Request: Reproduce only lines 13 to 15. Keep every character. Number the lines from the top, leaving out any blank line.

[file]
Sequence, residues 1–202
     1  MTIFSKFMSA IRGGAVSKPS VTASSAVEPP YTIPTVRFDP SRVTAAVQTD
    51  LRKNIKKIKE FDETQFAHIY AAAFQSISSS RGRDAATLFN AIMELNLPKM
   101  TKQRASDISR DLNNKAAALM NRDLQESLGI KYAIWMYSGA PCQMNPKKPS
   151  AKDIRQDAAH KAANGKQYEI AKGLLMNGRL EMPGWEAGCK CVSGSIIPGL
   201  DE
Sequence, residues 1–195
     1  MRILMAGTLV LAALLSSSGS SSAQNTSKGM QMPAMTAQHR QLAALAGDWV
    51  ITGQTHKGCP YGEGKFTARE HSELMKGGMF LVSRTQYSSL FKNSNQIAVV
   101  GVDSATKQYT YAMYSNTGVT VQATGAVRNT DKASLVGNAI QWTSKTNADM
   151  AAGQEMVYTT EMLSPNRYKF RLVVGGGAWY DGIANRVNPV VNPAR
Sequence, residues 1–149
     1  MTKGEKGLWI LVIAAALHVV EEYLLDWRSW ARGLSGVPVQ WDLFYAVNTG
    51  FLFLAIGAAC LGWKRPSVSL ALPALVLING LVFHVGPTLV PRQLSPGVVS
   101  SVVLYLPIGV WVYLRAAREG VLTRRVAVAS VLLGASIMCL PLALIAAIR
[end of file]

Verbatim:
     1  MTKGEKGLWI LVIAAALHVV EEYLLDWRSW ARGLSGVPVQ WDLFYAVNTG
    51  FLFLAIGAAC LGWKRPSVSL ALPALVLING LVFHVGPTLV PRQLSPGVVS
   101  SVVLYLPIGV WVYLRAAREG VLTRRVAVAS VLLGASIMCL PLALIAAIR